1. Diggins, Kristene

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As a Christian advanced practice nurse, I have found my spiritual convictions must govern how I respond to ethical dilemmas in the workplace environment. As APNs we often are in leadership roles in nursing, and how we respond to ethical/moral conflict can set the example for other nurses. We may not realize that our decisions may influence clinicians around us. Because of this, we must prayerfully consider how to respond in moments of ethical dilemma. Biblical principles such as "do to others what you would have them do to you" (Matthew 7:12, NIV) are foundational.

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I have often thought about the influence my decisions in ethical situations can have on nurses with whom I work. Sekerka and Bagozzi (2007) have asked, "What induces people to act in morally courageous ways as they face an ethical challenge in the workplace?" They note that nurses practice with moral courage when they are confronted with situations that pose a direct threat to patient care.


The role APNs can play in ethical problem solving became clearer when I worked with a particular geriatrician in a long-term-care facility. As nurses, we sometimes felt he was overly cautious and did not allow all the care that could be provided for patients in the nursing home setting. For me, this came to a moment of crisis where I had to stand up to him, and in so doing stand for the biblical principle of the dignity of life.


One day a nursing home patient, whom I'll call Mary, stopped breathing. As nursing staff administered lifesaving measures, I went to call 911 for emergency response services. This physician pulled me aside and told me that it is often best to avoid heroic measures in nursing homes. He kindly suggested I not call for emergency care even though we thought she was having a heart attack. When I finally understood he was suggesting we let the patient die, I looked him in the eye and told him I could not do that and continued with the phone call. Emergency medical services (EMS) arrived and provided care, but Mary died before she was transferred to the ambulance. Although she had dementia, she did not have other chronic health conditions and appeared to live a satisfying life in our care home. We later learned she died of a massive heart attack.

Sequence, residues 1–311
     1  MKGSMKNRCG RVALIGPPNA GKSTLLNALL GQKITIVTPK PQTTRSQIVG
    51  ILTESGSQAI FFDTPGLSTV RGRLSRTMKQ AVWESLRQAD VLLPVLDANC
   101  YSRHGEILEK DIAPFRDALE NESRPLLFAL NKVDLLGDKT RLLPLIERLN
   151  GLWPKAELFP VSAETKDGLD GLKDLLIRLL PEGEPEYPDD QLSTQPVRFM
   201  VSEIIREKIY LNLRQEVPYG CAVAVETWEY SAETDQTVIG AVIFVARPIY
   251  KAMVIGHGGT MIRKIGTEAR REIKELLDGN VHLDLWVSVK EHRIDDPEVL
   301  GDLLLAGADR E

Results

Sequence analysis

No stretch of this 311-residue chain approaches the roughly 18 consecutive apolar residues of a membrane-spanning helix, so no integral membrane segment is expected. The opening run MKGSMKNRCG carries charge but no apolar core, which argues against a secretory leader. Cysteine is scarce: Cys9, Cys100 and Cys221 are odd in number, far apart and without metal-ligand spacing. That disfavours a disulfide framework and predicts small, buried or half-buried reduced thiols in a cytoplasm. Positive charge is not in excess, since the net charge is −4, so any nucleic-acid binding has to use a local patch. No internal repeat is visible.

As I looked on with the other nurses during Mary's care by EMS, I thought about the value of each individual life. It occurred to me I could not have lived with myself if I had not called EMS. She did not have a DNR (do not resuscitate) order in her chart. Neither she nor her family had reached the decision to not extend lifesaving measures. Although the outcome was not what I had hoped, I thought about Jesus' challenge to care for everyone, even those society labels as the least of these (Matthew 25:40). As Christian nurses, we are called to care for everyone he puts in our path according to his compassion, as well as to respect his/her wishes.


After this experience, other nurses began to question physician orders when they were concerned that care patients needed or patients and families requested was not being provided. Some thought care in the home improved, including care this geriatrician authorized for his patients.


Mary's death gave me the opportunity to remember how important it is for me to live out biblical principles in the workplace. It was a humbling and sobering experience to realize standing up for my convictions could influence other nurses around me. As I reflect on Jesus' words to "do to others what you would have them do to you," I begin to grasp how important this principle is in our day-to-day work as nurses. The "ethic of care" we provide is not a set of hard and fast rules. Rather, it is a way of practicing based on a foundation of Christ-like love, compassion, and confidence.


Sekerka, S., & Bagozzi, R. (2007). Moral courage in the workplace: moving to and from the desire and decision to act. Business Ethics: A European Review, 16, 2, 132-135. [Context Link]